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BISHKEK (TCA) – At the invitation of the management of the Transit Center at Manas located at Bishkek’s Manas airport, on April 26 a delegation of Rotarians from the Rotary Club of Bishkek, District 2430, visited the facilities and were briefed by the Director of the Center, Colonel James Jacobson.

The Transit Center is the current name of a former military air base established in December 2001, following the tragic events of September 11 in the US and the beginning of international Operation Enduring Freedom in Afghanistan. At that time a military base was opened in Kyrgyzstan and the 376th Expeditionary Air Wing was put in charge here. This was the time when the Afghan war took off and a tremendous military effort started developing involving troops and weapons from more than 20 countries.

The base, originally named after the New York fire fighter chief Peter Ganci that lost his life in the rescue attempt of the victims of the twin towers, has since changed its role and name, expanding into an efficient organization whose scope now is more logistical rather than military.

The briefings of civilian visitors and PR activities have become more frequent recently. Prior to the Rotary visit, in the recent past a Kyrgyz parliamentarian delegation was shown the center and briefed on aerial refuelling that certainly represents the most important and near military action that the base is conducting. Later the doors were open to an environmental group amidst assumptions that American aircraft jettison fuel over inhabited areas or agricultural crops. This assumption was categorically excluded by Colonel Jacobson due to a clear protocol of action, which only justifies such actions by emergency cases where human lives are at risk and also in cases when decisions are made in consultation with the Kyrgyz air navigation, US Embassy and Kyrgyz authorities. No one is prepared to throw away precious fuel that costs every month millions of dollars.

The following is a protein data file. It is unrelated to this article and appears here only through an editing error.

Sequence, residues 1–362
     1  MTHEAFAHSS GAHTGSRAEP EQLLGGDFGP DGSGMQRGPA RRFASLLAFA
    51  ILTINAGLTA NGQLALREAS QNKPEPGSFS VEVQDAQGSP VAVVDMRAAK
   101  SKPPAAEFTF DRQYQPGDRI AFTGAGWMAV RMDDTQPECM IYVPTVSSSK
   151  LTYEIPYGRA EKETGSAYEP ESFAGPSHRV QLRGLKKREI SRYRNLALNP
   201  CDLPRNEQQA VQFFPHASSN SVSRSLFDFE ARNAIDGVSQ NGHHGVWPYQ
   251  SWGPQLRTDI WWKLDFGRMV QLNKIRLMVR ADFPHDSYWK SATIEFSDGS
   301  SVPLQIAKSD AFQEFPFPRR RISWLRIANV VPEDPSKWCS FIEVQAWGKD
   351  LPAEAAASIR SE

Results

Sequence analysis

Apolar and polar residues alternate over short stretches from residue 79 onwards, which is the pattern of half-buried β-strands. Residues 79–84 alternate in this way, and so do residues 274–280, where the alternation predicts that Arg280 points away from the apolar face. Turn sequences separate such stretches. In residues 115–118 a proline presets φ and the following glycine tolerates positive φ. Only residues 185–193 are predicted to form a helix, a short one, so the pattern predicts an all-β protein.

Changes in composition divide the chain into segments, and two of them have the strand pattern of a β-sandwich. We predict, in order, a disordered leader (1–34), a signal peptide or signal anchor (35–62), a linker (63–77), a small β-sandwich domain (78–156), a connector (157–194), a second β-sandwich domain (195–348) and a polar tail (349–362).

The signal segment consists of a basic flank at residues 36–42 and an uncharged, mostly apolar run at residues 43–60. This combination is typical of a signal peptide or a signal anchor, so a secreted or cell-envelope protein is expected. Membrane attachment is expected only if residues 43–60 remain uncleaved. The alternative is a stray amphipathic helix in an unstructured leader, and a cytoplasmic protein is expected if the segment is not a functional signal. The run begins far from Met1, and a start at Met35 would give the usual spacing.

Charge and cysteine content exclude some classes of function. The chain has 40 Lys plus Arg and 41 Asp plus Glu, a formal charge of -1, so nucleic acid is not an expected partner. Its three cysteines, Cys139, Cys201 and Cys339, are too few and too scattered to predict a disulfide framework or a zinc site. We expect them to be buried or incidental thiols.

Today the Transit Center is mostly involved in refuelling aircraft flying over Afghan territory and transporting personnel to and from Afghanistan. Tens of thousands of soldiers are moved every month to and from Afghanistan and find in the Center the right place for rest before returning home or proceeding for the military mission. At the Transit Center the compound has a fully equipped area for hosting large numbers of military tents used as dormitories for thousands of soldiers. Here all facilities are available to provide rest, personal hygiene and fitness in a sort of a must do program that is accompanied by good food and international communication via Internet and mobile phones.

In the middle of political debates if the Transit Center should remain in Manas after 2014, life and work here is going on as usual, with the utmost attention to details, discipline and jobs provided to more than 700 local people with direct expenditures in the first three months of 2012 exceeding US $80 million. All this without counting the money paid for fuel acquired from the Kyrgyz-Russian joint venture for an additional 50 million dollars. Looking to the figure there is no doubt that the Kyrgyz pragmatism, always very sensible to its economic interest, will certainly carefully consider any future decision.

Besides getting acquainted with the internal organization of the Center, the Rotarians were also briefed about the social and humanitarian activity of the Transit Center that is spending money, time and efforts on developing a close cooperation with the local community both in supporting local schools and cultural exchange. So far no project has been conducted in cooperation with Rotary Bishkek but this first official visit augurs well for future cooperation since to expand their impact on the local community it will be preferable if projects organized and financed by the Transit Center are supported and spread by local NGOs and in this aspect Rotary Bishkek is certainly among the best in terms of transparency and professionalism.


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